All artists, at one point or another are likely to attend a tattoo convention. Amongst a host of other benefits, tattoo conventions are a great opportunity for artists to travel. They also give clients, who ordinarily wouldn’t be able to visit an artist for a tattoo the opportunity to do so. But, how do you get yourself in to one? And if you do, what should you expect?
We caught up with a few tattoo artists with years of experience in both the industry and conventions, and we asked them all the questions we think you’ll need to know to make sure your first one is successful.
Q: How do you go about taking part in a convention?
A: It completely depends. Some conventions are invite only, so you’ll have to be quite well known or liked by whoever is choosing the artists for the event. You can apply for a lot now though, and if you get in – great! If you’re new to the industry, it’s definitely worth applying to some to get your name out there.
Q: What are the benefits to doing a convention?
A: When you’re starting out, the benefits are to get yourself known within the tattoo community and to pick up more work, but once you’ve been doing them for a while, you tend to benefit more from catching up with friends and basically just enjoying the experience! The atmosphere is amazing.
Q: What’s your favourite thing about a convention?
A: Having the chance to catch up with friends from all over the place. You get to meet so many people there – it’s a great social event within the industry as well as business and it’s so worth doing.
Q: How have conventions changed over the years?
A: Conventions used to be invite only and there were a lot less of them. Now, there are quite a few and as a whole, the footfall has started to drop a little. I think social media has played a large part in this as people can already see everything online – they don’t need to ‘shop’ for tattoo artists at events as much.
Q: What difficulties do you find when working at conventions?
A: Sometimes, depending on the positioning of your stand, you don’t actually make that much money at conventions. So, it’s best to go with a positive attitude towards the experience as opposed to a money-making one.
The lighting isn’t always the best at conventions either, so it’s important to take your own! A lot of first-time workers might overlook this, so a word of advice would be to get a good lamp to take with you.
Q: What other tips would you give to someone wanting to work at a convention?
A: Get yourself prepared beforehand. Pack everything early and make a checklist of all the things you’ll need. You’ll forget all the little important things if you don’t have one.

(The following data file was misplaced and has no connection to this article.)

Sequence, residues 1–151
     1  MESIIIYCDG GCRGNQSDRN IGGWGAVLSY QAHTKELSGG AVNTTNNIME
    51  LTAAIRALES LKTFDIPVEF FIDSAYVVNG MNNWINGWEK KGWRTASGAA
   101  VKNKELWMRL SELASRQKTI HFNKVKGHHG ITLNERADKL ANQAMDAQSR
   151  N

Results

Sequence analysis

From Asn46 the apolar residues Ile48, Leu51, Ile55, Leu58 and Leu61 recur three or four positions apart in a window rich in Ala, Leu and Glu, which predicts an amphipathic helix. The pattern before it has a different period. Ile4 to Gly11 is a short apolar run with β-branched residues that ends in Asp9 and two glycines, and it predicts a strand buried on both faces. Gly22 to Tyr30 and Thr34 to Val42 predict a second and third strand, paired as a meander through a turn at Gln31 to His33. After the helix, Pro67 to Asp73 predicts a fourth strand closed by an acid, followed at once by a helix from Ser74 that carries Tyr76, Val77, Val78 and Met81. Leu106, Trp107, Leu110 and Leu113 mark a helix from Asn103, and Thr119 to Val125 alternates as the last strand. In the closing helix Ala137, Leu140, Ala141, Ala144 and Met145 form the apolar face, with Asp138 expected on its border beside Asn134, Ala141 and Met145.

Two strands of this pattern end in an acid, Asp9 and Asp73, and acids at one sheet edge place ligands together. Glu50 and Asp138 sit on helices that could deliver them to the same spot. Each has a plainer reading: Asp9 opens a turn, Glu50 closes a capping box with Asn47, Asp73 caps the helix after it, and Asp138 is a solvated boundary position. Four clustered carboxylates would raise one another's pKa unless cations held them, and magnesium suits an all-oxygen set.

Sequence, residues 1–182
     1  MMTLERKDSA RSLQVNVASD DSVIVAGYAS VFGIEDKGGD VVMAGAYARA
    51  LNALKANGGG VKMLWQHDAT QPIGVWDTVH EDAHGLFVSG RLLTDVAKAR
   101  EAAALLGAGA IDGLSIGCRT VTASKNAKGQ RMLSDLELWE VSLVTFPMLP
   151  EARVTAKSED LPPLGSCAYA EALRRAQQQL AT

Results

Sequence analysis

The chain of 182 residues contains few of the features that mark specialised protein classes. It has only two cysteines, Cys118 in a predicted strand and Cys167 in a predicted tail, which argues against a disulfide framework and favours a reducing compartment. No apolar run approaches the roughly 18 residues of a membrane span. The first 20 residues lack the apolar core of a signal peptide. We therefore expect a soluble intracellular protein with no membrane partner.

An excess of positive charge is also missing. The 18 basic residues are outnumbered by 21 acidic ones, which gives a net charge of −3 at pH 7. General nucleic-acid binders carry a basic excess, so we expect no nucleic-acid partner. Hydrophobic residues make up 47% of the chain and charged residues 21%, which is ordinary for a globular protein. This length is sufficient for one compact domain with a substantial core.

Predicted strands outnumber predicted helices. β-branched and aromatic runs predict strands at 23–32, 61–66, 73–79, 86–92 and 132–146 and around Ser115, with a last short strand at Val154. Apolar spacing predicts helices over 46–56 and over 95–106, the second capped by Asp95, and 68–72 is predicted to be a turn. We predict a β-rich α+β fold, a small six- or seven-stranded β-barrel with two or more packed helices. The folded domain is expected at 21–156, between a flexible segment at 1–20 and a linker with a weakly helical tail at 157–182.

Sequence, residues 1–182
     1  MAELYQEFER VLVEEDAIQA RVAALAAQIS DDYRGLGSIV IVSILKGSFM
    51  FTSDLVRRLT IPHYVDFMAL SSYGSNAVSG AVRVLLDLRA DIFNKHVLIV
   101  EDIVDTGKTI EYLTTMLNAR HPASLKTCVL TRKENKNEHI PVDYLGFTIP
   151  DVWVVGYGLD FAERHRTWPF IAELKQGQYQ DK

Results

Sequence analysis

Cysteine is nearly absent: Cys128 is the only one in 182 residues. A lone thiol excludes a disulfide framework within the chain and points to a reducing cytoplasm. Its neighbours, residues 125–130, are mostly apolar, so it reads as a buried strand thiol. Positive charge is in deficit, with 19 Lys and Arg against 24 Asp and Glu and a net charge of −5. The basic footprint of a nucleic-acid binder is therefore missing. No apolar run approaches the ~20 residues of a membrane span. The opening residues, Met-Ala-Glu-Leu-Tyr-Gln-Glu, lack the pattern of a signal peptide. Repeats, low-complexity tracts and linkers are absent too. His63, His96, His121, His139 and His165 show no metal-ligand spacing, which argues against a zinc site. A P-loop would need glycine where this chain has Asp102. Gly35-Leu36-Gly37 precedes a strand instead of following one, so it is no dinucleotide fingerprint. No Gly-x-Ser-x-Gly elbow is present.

Don’t take on too much work or try to squeeze people in either – it will end up being a very stressful event for you if you do. You could always book people in before the event so that you’ve already spoken to them and got a feel for what they’re after, much like a normal tattooing day. It’s one less thing to worry about and if you haven’t, then have examples of the work you want to be doing. You’re less likely to have to spend your time doing new designs in a pressurised situation that way.
Oh, and take a helper! You’ll notice a lot of artists have someone working on their stand for them. This is because it’s really difficult to tattoo and talk to people walking up at the same time, so it’s a huge help having someone on hand to answer any questions and assist in selling merch.
Q: What sort of things would be on your checklist?
A: As well as your general kit, you’ll need things like a backdrop, a tablecloth, a good lamp, a bed, business cards, pictures of your designs, and merchandise (if you have any). Conventions can be a great place to sell merchandise so a lot of people take it.
If you have space, a stencil machine and a stool is also a great idea because the seating isn’t always ideal at conventions.
Q: How important are awards at conventions?
A: I wouldn’t say they’re too important. Don’t get me wrong, it’s very nice for you and your clients if you win, but you shouldn’t let it take away from the fact you’ve done some amazing tattoos and had a great experience if you don’t.